The Centers for Medicare & Medicaid Services said it pays an average of $4,624 per ride, plus $31.67 a mile — which works out to an average Medicare reimbursement of $6,556 for helicopter ambulance rides for seniors. Medicaid in most states pays less.
The industry has been advocating hard to get Medicare to boost its reimbursements, Sherlock said. Legislation pending in both the House and Senate would do so, but there hasn’t been much movement on those bills.
Others say the industry’s cost estimates are inflated by profit-driven expansion of a lucrative industry. Ground ambulances often carry critically ill patients, too.
Too many air ambulances sit idle much of the time, said Dr. Ira Blumen, a professor of emergency medicine at the University of Chicago and medical director of the university’s Aeromedical Network.
Blumen said the industry — which is dominated by a few companies owned by private equity firms — expanded dramatically the last time Medicare boosted its payments, in 2002. And now there are too many helicopters — 908 as of last year — fighting for patients and profits at the same time.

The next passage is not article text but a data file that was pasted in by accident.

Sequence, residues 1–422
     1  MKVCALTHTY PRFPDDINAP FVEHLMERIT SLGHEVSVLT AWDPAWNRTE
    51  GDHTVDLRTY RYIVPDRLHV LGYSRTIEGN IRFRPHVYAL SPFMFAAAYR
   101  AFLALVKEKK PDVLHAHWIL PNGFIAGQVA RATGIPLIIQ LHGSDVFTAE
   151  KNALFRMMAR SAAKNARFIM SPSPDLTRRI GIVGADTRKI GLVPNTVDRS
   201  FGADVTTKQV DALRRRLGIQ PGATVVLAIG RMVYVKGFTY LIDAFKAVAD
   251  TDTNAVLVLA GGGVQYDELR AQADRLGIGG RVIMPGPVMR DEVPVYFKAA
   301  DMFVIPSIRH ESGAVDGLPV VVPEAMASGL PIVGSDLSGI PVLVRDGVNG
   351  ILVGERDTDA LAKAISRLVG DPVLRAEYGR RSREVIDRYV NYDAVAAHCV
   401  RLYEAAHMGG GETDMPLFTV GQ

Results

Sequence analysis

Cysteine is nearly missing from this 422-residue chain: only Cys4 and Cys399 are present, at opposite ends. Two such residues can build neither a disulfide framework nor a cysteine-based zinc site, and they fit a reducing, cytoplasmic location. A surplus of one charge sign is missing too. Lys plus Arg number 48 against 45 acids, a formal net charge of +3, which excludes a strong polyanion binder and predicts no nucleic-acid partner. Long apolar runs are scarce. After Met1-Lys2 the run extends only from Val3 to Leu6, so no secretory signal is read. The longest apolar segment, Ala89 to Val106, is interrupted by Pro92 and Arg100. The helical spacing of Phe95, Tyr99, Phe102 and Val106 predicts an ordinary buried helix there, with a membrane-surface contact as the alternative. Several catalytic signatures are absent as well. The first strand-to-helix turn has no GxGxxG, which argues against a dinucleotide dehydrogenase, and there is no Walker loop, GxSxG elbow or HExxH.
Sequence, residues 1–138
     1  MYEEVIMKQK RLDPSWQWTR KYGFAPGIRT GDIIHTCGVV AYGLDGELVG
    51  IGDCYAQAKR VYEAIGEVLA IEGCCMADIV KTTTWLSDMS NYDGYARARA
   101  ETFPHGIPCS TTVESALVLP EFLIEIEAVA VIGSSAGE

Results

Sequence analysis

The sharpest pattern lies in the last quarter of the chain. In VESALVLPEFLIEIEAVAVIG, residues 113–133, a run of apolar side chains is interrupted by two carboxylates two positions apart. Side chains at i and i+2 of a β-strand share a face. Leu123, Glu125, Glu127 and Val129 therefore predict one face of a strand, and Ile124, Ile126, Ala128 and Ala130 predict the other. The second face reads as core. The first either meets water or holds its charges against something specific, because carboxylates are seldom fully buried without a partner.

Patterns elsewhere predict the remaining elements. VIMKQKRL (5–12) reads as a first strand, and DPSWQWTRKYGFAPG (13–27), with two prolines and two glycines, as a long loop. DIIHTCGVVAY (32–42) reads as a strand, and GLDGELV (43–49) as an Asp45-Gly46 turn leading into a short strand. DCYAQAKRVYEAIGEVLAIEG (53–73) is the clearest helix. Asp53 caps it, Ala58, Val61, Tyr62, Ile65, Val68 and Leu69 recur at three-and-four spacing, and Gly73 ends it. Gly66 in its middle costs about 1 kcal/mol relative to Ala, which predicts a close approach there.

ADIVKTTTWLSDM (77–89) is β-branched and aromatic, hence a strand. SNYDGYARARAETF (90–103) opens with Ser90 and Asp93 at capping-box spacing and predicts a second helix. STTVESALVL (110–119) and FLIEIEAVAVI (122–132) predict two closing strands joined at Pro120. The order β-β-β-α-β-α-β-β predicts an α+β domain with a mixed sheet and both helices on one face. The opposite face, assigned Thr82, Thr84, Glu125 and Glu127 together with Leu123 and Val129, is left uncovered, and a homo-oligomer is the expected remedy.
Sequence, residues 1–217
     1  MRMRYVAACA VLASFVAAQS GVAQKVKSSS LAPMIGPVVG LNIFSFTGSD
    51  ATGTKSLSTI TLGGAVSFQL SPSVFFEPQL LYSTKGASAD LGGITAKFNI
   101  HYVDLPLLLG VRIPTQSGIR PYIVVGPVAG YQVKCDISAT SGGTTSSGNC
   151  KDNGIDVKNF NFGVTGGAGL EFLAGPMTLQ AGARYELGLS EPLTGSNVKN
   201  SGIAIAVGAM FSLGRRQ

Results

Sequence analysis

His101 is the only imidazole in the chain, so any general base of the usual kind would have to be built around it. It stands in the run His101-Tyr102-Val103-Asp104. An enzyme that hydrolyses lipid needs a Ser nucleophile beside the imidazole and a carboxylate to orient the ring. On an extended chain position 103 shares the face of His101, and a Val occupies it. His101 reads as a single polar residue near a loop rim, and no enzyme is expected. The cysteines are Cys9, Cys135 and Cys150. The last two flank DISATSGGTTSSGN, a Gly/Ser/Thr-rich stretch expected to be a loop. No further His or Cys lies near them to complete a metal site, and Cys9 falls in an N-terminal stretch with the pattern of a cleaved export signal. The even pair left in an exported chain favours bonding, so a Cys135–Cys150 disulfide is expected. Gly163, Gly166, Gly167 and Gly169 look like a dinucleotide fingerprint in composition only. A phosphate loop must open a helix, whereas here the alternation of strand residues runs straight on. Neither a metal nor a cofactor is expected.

“The number of helicopters is outrageous for the continental United States,” he said. In the 1990s, most helicopters ran more than 500 flights per year on average. At that rate, the cost per flight today would be less than $6,000.
“The biggest challenge for me was to see how I would be a father again,” said Dr. Naveed Khan, who was injured while driving an all-terrain vehicle.
“With two able-bodied parents at home, it was easier,” he said.